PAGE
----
Abstract #92421 Published in IGR 22-1

The effect of daily life activities on intraocular pressure related variations in open-angle glaucoma

Gillmann K; Weinreb RN; Mansouri K
Scientific reports 2021; 11: 6598

See also comment(s) by Christopher Teng

The recent advent of continuous intraocular pressure (IOP) telemetry has led to an increased awareness of the importance of IOP fluctuations, and theories have emerged that IOP variations could play as much a role in glaucoma progression as the mean level of IOP. The aim of the present study was to evaluate the direct effect of common daily activities on IOP-related profiles. Primary open-angle glaucoma and glaucoma suspect patients were prospectively enrolled from specialist clinics at the University of California San Diego (UCSD), USA. Patients were fitted with a SENSIMED Triggerfish (TF) contact lens sensor (CLS) and were instructed to return to their usual daily activities for 24 h. They were asked to record each specific activity or event in a diary. The protocol was repeated twice. The following events were recorded: "walking/cycling", "resistance training", "yoga/meditation", and "emotional stress". CLS measurements recorded 60-to-30 min prior to each event were used as a baseline reference, and all IOP-related fluctuations for 120 min after the start of each event were reported in relation to this reference. Forty relevant events from 22 CLS recordings in 14 patients were retrieved from the diaries. Walking/cycling (n = 10) caused a small but statistically significant elevation of the IOP-related profile during the activity (p = 0.018). Resistance training (n = 11) caused a persistent elevation of the IOP-related profile from the onset of the activity (p = 0.005) through 120 min after the activity was stopped (p = 0.007). Yoga/meditation (n = 4) caused a sustained drop in the IOP-related profiles through to 120 min, although this was not statistically significant (p > 0.380). Emotional stress (n = 13) was associated with a gradual elevation of the IOP-related profile from the start of the stressful stimulus. Both early and late variations were statistically significant (p = 0.038 and p = 0.021, respectively). The present study suggests that emotional stress and resistance training may be associated with persistent IOP-related profile elevation.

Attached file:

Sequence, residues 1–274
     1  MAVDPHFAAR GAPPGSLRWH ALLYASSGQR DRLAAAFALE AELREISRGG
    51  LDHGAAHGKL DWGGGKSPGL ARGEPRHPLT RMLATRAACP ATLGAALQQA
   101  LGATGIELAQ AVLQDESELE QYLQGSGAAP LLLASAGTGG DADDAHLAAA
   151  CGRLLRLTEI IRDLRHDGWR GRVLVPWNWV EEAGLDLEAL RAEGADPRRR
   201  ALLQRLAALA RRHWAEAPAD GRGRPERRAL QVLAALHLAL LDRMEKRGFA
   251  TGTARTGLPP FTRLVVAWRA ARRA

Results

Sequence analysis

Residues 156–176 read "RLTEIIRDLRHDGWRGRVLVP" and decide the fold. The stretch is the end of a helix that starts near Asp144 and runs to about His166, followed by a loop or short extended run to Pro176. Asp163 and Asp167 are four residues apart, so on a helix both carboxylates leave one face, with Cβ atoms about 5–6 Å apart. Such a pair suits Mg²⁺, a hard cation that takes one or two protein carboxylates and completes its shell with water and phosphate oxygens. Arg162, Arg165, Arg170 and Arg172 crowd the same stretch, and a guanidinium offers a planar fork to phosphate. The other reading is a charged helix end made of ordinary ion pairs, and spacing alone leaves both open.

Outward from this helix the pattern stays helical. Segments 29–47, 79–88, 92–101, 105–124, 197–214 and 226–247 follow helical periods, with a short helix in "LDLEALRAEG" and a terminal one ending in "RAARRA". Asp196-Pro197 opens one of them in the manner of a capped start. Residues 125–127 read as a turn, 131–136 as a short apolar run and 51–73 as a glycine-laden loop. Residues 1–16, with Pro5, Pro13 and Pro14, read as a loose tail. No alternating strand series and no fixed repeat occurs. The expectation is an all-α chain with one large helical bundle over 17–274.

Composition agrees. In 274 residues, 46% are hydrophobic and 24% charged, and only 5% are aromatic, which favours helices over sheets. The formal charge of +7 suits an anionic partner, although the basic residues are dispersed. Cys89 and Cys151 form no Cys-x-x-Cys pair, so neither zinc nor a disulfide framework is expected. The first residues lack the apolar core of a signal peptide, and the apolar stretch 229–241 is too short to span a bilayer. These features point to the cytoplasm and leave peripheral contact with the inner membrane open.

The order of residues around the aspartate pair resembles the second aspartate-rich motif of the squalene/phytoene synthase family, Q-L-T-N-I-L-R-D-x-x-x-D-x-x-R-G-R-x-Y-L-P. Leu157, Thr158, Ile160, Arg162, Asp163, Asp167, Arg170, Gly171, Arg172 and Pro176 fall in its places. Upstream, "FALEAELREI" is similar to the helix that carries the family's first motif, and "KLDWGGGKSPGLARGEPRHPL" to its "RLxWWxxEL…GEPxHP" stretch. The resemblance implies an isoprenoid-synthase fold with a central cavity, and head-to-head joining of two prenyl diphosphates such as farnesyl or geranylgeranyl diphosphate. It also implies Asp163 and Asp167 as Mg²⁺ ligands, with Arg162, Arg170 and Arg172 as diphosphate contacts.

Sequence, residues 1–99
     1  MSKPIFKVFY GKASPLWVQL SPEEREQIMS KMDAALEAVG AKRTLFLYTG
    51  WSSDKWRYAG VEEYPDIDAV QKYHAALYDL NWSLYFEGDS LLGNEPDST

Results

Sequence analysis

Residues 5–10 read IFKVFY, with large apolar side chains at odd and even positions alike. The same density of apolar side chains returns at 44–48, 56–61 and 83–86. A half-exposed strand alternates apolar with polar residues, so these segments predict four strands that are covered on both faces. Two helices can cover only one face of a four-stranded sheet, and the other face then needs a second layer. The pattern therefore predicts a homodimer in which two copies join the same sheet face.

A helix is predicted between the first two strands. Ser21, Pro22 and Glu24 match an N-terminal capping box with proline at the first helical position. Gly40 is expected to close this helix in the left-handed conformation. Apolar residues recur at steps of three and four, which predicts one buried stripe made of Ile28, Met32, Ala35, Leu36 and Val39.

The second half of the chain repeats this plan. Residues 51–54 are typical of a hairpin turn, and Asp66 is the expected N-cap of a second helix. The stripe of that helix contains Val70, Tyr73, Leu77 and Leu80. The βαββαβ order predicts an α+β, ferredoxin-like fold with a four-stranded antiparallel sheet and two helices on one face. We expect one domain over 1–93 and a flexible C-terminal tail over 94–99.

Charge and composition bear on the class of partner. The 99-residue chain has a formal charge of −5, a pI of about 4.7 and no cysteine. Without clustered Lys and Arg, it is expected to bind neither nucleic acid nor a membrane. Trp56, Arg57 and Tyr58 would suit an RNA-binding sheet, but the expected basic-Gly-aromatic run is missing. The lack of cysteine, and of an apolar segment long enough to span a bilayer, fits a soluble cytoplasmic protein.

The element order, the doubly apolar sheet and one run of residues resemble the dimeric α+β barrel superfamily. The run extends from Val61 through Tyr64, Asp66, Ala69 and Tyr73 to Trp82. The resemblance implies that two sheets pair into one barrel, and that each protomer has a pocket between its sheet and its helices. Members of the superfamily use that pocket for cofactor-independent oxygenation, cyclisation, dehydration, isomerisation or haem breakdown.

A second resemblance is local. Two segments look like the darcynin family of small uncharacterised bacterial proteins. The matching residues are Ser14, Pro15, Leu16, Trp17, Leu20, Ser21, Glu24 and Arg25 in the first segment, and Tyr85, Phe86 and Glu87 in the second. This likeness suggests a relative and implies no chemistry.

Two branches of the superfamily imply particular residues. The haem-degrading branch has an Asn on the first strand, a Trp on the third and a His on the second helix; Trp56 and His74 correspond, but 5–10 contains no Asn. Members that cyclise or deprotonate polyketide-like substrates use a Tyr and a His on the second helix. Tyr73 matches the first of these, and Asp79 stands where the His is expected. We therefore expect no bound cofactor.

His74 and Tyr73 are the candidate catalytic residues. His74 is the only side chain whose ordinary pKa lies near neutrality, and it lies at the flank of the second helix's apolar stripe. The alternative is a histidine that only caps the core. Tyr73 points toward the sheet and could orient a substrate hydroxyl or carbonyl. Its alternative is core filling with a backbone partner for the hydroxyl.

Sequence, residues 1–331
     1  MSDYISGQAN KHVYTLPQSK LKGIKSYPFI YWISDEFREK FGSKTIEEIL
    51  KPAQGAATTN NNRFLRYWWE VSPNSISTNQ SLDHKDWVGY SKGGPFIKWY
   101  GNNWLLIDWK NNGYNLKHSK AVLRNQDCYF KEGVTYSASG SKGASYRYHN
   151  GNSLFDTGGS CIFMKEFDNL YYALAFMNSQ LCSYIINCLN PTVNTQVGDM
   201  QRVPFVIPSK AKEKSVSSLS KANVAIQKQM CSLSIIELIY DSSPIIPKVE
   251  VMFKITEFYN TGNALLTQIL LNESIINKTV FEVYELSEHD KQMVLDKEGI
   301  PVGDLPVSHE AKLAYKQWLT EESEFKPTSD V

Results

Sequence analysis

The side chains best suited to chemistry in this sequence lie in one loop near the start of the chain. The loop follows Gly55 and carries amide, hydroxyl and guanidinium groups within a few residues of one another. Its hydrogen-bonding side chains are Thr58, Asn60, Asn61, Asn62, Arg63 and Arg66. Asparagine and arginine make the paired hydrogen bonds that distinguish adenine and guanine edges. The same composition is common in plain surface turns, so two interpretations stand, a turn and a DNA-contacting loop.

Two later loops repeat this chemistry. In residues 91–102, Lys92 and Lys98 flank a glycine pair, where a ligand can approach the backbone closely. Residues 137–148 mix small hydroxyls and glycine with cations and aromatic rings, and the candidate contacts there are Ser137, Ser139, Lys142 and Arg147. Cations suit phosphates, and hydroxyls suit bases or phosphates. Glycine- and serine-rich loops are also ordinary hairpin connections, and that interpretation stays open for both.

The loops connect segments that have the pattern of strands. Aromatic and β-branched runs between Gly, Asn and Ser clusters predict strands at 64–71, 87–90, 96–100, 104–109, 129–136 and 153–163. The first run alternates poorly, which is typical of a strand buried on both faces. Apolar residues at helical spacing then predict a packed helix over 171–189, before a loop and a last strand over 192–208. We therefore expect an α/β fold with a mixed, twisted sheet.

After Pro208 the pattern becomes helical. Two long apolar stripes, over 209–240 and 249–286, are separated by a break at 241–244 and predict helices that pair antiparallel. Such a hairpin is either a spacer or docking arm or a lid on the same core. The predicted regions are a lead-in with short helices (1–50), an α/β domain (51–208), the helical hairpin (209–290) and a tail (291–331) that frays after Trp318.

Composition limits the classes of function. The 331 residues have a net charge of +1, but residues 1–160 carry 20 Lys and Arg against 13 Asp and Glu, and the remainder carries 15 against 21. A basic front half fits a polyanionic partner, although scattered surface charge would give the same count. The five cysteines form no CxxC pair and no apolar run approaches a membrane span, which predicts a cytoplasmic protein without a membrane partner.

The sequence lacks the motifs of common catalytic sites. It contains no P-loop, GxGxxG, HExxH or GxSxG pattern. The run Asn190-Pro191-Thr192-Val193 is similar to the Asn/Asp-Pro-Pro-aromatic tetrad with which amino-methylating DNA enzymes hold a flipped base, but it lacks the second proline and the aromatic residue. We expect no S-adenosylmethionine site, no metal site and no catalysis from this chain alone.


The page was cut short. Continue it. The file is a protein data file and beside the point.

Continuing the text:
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6.1.3 Factors affecting IOP (Part of: 6 Clinical examination methods > 6.1 Intraocular pressure measurement; factors affecting IOP)
6.1.2 Fluctuation, circadian rhythms (Part of: 6 Clinical examination methods > 6.1 Intraocular pressure measurement; factors affecting IOP)
15 Miscellaneous

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